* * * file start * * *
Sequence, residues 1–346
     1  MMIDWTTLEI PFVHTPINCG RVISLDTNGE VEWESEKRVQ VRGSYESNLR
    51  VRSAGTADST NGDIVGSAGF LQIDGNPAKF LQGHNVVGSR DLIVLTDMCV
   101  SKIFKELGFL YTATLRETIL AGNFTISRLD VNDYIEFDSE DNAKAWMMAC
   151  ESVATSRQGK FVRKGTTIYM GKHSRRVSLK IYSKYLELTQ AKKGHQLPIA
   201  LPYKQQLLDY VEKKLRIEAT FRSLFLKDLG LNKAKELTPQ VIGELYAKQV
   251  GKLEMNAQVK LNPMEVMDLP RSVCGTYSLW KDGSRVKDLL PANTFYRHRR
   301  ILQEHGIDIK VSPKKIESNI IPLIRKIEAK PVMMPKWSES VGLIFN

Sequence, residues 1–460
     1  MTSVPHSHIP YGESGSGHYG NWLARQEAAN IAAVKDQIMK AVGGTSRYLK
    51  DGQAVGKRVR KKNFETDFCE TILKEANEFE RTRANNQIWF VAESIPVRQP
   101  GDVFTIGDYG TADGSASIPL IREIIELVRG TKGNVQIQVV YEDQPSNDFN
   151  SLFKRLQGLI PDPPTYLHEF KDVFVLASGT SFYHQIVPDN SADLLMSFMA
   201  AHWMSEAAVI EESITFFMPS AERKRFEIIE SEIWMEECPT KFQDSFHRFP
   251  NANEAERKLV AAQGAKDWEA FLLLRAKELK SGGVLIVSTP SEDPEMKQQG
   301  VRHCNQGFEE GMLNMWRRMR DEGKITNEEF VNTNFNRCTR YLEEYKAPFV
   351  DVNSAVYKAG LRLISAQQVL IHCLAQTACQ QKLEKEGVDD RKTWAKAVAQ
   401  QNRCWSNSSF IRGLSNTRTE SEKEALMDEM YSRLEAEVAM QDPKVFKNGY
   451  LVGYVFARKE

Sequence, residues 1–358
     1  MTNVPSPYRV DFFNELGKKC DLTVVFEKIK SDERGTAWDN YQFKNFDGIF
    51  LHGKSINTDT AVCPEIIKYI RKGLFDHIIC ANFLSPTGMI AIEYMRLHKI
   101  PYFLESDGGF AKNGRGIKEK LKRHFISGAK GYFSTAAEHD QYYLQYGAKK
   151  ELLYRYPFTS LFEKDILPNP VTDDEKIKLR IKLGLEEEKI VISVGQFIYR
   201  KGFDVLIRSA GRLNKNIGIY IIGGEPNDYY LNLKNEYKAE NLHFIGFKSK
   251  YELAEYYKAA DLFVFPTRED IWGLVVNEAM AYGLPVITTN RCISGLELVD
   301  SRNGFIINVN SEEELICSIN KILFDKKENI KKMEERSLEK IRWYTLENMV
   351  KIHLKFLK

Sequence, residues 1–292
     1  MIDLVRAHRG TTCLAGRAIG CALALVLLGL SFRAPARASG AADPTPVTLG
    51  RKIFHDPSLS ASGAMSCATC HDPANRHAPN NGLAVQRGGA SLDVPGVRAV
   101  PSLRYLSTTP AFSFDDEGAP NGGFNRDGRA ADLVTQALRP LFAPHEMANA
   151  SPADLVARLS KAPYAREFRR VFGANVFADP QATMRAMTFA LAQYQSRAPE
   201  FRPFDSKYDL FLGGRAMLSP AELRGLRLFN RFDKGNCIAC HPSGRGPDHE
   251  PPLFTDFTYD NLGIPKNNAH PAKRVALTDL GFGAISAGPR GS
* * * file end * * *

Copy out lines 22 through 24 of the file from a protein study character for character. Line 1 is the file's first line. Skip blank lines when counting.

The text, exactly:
    51  LHGKSINTDT AVCPEIIKYI RKGLFDHIIC ANFLSPTGMI AIEYMRLHKI
   101  PYFLESDGGF AKNGRGIKEK LKRHFISGAK GYFSTAAEHD QYYLQYGAKK
   151  ELLYRYPFTS LFEKDILPNP VTDDEKIKLR IKLGLEEEKI VISVGQFIYR